Marjorie Pay Hinckley — Every bit his equal

Her sensible nature, devotion to family served her well

Published: Monday, Jan. 28 2008 12:00 a.m. MST

Editor's note: The following is an excerpt from a profile of Marjorie Hinckley, which originally ran April 5, 2003, in the Deseret Morning News. Sister Hinckley died April 6, 2004.

Maybe all you need to know about Marjorie Pay Hinckley is that her favorite sound is the sound of the screen door slamming. To her, that door sounds like summer, like children playing, like family.

Times have changed, of course. She is 91, and there is no screen door and no children under foot. She and her husband — Gordon B. Hinckley, president of The Church of Jesus Christ of Latter-day Saints — live in an apartment in downtown Salt Lake City, which is a strange place to end up for two people who raised their family in what was then the country and love nothing more than working in the yard and the sunshine. They don't get out much these days, partly because of age and partly because they are virtual prisoners of his fame. So it is just the two of them at home, with frequent visits from their children, grandchildren and great-grandchildren.

She is a simple, practical woman with simple wants for a good husband, a good family and a good book, and a love of God and church work. He saw her pleasantness and her basic goodness early on. (He saw Marjorie Pay for the first time more than 80 years ago when they were children attending the same ward.) As a teen she told her mother that young Gordon Hinckley was going places in life. They will celebrate their 66th wedding anniversary at the end of the month.

Recently, while standing at the pulpit together in a church area conference, President Hinckley discussed the years they had been together and began to weep.

"Has it been that bad?" asked Sister Hinckley.

Which is typical. Among the many traits she shares with her husband, humor is one of them, and it has served their marriage well over the years.

I met the Hinckleys for an interview in the Church Administration Building, which was no small feat. It is easier to contact Elvis than arrange an interview with the Hinckleys, because of his demanding schedule and because of her discomfort with interviews. As always, one of her daughters was by her side for the interview — in this case, Kathy Barnes, their oldest child. As the interview approached, President Hinckley reminded Kathy, "You're going to be there for your mother, aren't you?"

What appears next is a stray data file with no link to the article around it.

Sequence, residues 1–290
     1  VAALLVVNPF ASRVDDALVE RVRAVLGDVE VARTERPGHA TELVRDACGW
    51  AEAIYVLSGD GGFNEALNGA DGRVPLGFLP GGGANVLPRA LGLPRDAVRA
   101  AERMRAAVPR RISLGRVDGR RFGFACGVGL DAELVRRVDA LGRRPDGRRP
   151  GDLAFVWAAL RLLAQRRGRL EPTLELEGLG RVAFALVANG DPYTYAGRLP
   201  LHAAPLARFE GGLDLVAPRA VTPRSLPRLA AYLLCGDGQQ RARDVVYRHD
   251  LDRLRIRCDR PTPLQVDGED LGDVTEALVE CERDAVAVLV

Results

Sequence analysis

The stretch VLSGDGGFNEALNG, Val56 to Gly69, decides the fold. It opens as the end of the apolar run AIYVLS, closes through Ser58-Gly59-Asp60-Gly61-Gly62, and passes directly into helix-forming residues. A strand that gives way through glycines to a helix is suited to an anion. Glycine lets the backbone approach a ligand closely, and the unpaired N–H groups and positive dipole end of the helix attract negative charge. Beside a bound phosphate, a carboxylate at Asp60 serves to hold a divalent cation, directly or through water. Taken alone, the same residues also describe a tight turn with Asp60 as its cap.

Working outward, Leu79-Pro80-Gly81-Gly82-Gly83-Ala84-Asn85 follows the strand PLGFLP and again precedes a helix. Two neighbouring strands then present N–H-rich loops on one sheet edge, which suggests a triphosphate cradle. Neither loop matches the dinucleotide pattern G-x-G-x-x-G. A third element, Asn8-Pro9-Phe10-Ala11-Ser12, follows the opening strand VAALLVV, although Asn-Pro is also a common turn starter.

Sister Hinckley was patient and humorous throughout the interview, but her answers were brief, with almost no elaboration. At one point, recognizing her discomfort, I jokingly asked her how she liked the interview so far.

"Well, I'm not having any fun at all," she said brightly.

When I told her she acted as if she were in a dentist's chair, she said, "I am."

"You can't wait to get out of here, can you?"

"I can't," she said. "I like you, but I can't wait." Even in her moment of discomfiture, she tried to make me feel betterby saying it wasn't personal.

As the interview progressed, I began to feel like I was Ed McMahon to their Johnny Carson. I was their straight man, setting them up for one-liners, some spontaneous, some old ones they had used previously. They are funny and playful together, and they play off one another, not to mention their interviewer.

When President Hinckley noted that he remembered Marjorie as a little girl, she mumbled to him, "I was really cute. Tell him that."

"Oh, yeah, she was a cute little girl," he said without missing a beat.

When she was reminded of the long months that her husband used to be away from home on church business, leaving her to tend their household and five children, she said, "Then he'd come home and think he was in charge."

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